For directions, safety and practical information, see visitor info


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Park info

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Visitor info

All the practical information you need to know about Molly O'Neill nature track.

Track grading

Features of this track


0.3km one-way


15 - 45min

Quality of markings

Clearly sign posted

Experience required

No experience required



Quality of path

Formed track: From David Reid carpark, the first 250m of the track is a flat gravel path. Wheelchair users and people with reduced mobility may need assistance along the gravel surface.

The last 50m of the track is a concrete path that leads to a timber boardwalk lookout.


Occasional steps: There are no steps along this walk, but there are 20 timber steps without handrails on the detour that leads to Lyrebird's Lair Cave.

Other barriers

Pinch points: There are no significant pinch points along the walk, but there may be sections where rocks or plants cause the track to narrow slightly.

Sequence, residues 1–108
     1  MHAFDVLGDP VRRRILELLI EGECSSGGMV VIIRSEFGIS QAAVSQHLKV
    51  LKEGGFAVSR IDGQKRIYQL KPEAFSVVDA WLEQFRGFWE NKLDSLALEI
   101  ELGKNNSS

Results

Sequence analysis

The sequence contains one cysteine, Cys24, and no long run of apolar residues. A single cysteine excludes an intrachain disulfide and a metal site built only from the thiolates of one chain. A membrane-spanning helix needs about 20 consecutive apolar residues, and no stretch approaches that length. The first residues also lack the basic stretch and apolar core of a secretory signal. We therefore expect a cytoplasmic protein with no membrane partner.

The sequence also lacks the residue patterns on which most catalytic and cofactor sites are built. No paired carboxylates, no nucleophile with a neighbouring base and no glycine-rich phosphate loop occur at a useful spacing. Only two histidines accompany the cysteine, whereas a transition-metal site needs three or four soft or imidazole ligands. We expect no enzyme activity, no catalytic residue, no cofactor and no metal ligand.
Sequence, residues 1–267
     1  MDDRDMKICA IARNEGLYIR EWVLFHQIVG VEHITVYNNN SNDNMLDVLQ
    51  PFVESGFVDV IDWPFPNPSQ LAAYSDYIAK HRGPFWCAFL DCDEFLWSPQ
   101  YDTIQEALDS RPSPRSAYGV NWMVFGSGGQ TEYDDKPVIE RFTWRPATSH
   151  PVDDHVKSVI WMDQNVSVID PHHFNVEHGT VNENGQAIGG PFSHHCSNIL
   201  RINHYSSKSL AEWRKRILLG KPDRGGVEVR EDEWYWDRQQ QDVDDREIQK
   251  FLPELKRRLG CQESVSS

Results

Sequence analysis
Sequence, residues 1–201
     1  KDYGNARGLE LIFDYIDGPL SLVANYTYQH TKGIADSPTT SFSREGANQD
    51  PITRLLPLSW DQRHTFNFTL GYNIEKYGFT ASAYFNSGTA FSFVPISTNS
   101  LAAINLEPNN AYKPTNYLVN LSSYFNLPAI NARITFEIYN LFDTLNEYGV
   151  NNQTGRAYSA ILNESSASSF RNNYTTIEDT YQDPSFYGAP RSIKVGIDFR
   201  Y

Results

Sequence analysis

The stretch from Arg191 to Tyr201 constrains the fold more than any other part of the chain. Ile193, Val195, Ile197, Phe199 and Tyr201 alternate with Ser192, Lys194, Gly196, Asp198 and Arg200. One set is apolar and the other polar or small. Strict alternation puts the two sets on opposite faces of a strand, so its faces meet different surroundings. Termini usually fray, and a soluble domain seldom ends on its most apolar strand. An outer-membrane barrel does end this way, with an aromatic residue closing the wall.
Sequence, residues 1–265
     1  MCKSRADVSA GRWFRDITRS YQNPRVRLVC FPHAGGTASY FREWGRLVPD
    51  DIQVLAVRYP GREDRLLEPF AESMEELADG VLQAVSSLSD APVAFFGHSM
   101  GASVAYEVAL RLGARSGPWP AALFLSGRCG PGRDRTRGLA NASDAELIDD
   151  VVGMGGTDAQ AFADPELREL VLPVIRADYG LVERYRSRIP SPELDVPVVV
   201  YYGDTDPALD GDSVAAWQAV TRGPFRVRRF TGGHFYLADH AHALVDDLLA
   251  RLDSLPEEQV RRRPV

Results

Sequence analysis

Getting there and parking

Get driving directions

Get directions

    Molly O’Neill nature track is in the northern precinct of Bungonia National Park. To get there:

    • From Bungonia follow Lookdown Road to the park entrance
    • Drive past the park office and continue along Lookdown Road until you reach David Reid carpark.

    Alternatively, the walk can also be started from The Lookdown lookout.


    There's parking where the walk begins at bitumen David Reid carpark, including 1 designated accessible parking spot.